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Shooting the messenger

By Leslie Cannold - posted Thursday, 6 September 2007

It’s far from over, with many still shouting. But as the conga line of those condemning Channel 7 for broadcasting the news that two AFL players had been referred for illicit drug use grows, we need to ask ourselves: are we shooting the messenger?

The noisy majority contends that medical records are sacrosanct, and that Seven behaved like slime not just by paying for such tainted goods, but broadcasting their contents.

Let’s look at the facts. On August 24, Seven reported that two senior AFL players had been referred for drugs treatment under the league's illicit drugs policy. The story came from medical records provided by a couple in their 30s who claimed to have found them in a gutter outside a rehabilitation centre, but were eventually arrested for stealing them. The network had paid $3,000 to obtain the documents. A player boycott is now in force.


But while everyone agrees that medical records should remain confidential, few have asked whether it is reasonable to assign the obligation to achieve this to a television network.

Medical institutions and health professionals are certainly obliged to respect patient confidentiality. Medical students learn early of their duty not just to keep mum about what happens in the consulting room, but to take all reasonable steps to ensure the contents of patient records are not disclosed.

Are journalists obligated to keep patient records private, too? The Media Entertainment and Arts Alliance’s Code of Ethics notes that journalists should “respect … personal privacy” but offers little guidance on how such respect should be demonstrated, or balanced against the public interest.

The Australian Communication and Media Authority’s Guidelines stipulates that news and current affair programs must not use material relating to a person’s personal or private affairs, or which invades an individual’s privacy, other than where there is an identifiable public interest reason for the material to be broadcast.

Journalists seem to agree that there was a case for running the story. Last Thursday, senior journalist at The Australian Cameron Stewart described it as a “cracking yarn” that “every media outlet in Melbourne would have reported … if it had come from the police, or the club, or from the players themselves.”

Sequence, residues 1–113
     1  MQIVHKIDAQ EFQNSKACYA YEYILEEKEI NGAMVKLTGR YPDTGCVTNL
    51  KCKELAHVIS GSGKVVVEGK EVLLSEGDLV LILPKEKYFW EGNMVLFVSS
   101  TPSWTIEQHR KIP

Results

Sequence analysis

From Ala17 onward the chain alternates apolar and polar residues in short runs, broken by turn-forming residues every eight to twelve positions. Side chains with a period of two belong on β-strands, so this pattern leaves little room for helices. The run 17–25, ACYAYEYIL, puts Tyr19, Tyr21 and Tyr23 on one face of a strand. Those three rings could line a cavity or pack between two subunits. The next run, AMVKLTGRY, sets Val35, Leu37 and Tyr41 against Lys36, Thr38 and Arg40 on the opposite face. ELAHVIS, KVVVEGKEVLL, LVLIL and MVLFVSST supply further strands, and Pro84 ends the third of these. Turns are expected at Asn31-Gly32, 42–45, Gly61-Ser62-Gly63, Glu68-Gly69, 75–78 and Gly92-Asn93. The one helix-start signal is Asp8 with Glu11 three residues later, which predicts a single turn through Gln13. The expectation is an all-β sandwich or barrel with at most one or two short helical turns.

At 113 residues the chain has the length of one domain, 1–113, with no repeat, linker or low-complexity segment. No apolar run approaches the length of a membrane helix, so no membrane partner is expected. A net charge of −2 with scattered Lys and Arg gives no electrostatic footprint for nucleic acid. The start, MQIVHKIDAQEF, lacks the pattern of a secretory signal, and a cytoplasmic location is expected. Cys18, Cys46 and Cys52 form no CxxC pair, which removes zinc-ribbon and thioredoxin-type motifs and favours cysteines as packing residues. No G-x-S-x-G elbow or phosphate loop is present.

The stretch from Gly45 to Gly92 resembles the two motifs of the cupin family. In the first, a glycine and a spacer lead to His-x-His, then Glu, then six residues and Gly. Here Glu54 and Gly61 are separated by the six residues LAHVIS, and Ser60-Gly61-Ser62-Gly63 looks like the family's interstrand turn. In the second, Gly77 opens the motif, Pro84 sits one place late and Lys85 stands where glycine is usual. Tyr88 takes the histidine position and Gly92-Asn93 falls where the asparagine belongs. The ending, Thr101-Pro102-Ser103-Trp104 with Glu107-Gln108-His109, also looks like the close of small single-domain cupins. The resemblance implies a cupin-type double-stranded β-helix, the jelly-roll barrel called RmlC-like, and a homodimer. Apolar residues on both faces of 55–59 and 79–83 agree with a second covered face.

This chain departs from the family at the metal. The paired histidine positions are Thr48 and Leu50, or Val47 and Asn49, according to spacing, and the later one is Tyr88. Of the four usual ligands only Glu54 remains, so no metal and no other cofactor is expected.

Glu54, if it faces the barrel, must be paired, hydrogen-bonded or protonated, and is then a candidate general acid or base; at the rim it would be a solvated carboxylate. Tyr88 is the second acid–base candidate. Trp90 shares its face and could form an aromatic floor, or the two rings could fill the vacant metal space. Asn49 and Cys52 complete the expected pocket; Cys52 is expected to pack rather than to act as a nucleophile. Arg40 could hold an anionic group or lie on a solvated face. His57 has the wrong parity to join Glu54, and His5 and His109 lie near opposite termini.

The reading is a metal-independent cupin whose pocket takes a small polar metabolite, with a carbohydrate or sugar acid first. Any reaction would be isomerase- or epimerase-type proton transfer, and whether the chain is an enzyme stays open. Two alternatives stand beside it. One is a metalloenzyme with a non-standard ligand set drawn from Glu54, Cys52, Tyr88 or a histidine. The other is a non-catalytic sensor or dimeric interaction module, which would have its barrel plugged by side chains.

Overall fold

The question then, is whether Channel 7 got the balance - between their obligation to protect the privacy of the AFL players and their duty to act in the public interest - right.


Seven’s Melbourne news director Steve Carey contends that people at senior levels of sport who use illicit drugs fail to provide role models for kids. This view drove his decision to run the story, though he attempted to balance what he saw as the public’s right to know with the players’ right to privacy by omitting their names - though not the name of the club - from the broadcast.

Was Carey right to prioritise the interests of his viewers in a full picture of drug use in the AFL over the players’ and League’s interest in non-disclosure?

Certainly, if I’d been in Carey’s shoes that fateful night, I would have made a different call. I support the AFL’s three strikes policy, which appears to have been the indirect target of the story Seven put to air. I would have prioritised the players’ expectations of privacy over the story, which I see as more of a “of interest to the public” than “in the public interest” one.

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First published in The Age online on September 4, 2007.

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About the Author

Dr Leslie Cannold is a writer, columnist, ethicist and academic researcher. She is the author of the award-winning What, No Baby? and The Abortion Myth. Her historical novel The Book of Rachael was published in April by Text.

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